When we started this retrospective, I said that while Jack Knight is the main character of the STARMAN series, he wouldn't call himself the hero of the book. That would be Ted Knight. In the same vein, if we're talking about the protagonist of the book — in the sense of carrying out the actions that drive the story — we could very well be talking about The Shade.
The Shade made his debut in FLASH COMICS #33 in September 1942, and was a thorn in the side of the Flashes throughout the decades, using his control of shadow matter, via his cane, to give them trouble. He wasn't defined very well — if he was defined at all — and Robinson took the opportunity in 1994 to flesh him out as a character.
As a side note, this is one of the things I love about shared universes. No character, potentially, is ever wasted. It just takes the right writer and the right pitch. A third-tier Spider-Man villain turns into Daredevil's arch-nemesis. A long dead hero becomes a picotal character and eventually stars in one of the next big movies. A little-defined Golden Age hero becomes the father of the title character of one of the best superhero titles of the 90s, and an even less-defined Golden Age villain becomes a pivotal character in the same series.
Robinson made the Shade an immortal who had been around since the 19th century, and defined his powers to be more mystical than scientific, making his powers virtually limitless. Most importantly, he made the Shade a mostly amoral individual, whose acts of villainy were mostly for amusement, and who made sure nothing ever happened to Opal City. As long as he was in Opal, he behaved, even helping out the police and making sure that Jack would have what it takes to protect the city when needed.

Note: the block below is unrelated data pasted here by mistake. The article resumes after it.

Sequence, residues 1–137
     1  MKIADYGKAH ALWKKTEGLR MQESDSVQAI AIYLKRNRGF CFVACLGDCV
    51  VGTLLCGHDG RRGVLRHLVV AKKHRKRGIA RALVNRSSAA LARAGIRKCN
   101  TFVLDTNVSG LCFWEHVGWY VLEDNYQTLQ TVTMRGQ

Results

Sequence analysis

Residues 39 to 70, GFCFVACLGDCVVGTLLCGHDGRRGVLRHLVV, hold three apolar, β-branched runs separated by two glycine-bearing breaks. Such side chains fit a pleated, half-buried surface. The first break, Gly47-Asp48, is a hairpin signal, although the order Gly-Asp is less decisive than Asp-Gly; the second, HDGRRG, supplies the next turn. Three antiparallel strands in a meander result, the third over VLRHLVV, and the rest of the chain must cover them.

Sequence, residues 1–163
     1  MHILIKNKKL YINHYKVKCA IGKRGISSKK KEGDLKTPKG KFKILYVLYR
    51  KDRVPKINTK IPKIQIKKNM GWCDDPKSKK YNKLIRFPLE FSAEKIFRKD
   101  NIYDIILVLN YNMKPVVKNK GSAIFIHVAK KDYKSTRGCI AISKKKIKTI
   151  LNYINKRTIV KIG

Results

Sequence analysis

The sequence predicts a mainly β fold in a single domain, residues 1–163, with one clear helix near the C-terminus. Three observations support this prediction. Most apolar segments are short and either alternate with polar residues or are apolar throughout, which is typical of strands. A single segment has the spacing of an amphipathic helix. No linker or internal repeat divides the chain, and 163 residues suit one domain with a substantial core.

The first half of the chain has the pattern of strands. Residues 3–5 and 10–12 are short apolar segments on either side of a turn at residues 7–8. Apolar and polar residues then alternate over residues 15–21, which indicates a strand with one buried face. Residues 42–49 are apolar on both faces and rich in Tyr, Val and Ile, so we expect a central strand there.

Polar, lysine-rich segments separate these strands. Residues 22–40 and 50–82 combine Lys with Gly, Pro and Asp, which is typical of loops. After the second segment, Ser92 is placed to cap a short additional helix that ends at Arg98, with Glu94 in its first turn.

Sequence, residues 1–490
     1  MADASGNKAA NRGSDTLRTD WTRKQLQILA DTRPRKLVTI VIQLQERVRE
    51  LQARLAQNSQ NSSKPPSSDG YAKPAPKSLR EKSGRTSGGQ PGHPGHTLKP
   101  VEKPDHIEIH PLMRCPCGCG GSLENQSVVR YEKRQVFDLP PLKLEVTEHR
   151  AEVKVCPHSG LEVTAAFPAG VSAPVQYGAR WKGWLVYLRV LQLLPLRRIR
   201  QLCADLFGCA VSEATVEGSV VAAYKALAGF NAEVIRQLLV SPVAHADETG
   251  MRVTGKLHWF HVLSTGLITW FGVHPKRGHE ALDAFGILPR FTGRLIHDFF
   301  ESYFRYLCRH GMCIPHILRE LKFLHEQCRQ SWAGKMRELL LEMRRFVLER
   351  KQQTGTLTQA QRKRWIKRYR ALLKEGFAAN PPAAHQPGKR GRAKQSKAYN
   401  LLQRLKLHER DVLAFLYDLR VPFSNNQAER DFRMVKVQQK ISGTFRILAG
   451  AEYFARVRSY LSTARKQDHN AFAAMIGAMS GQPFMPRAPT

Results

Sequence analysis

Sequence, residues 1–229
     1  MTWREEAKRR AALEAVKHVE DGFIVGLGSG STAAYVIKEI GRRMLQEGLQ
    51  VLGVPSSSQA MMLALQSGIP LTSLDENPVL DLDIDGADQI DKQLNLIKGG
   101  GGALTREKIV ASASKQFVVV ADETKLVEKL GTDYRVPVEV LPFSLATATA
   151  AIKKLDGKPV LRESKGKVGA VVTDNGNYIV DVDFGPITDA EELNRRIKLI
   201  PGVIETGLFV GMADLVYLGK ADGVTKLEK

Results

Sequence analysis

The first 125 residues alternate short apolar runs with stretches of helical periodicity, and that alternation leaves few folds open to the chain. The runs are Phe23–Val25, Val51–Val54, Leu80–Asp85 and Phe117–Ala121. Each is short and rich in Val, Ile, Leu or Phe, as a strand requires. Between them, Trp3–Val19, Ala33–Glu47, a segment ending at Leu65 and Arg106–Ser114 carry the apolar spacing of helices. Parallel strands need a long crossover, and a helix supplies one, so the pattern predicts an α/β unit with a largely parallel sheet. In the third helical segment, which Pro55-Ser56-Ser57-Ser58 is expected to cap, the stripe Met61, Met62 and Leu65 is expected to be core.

In the first "Times Past" story, The Shade is revealed to have done a job for Herman Melville (or it may be Mayville — the editing wasn't very tight on this book) and got something out of it in return. We only find out what it is when the series ends, and I'm not telling you what it is because it's more fun to read it that to read spoilers, but it's of Opal, and showcases his love for it. Here's a sequence from an issue in which the superheroes are losing their powers during the GENESIS crossover and it's up the the Shade to save the day.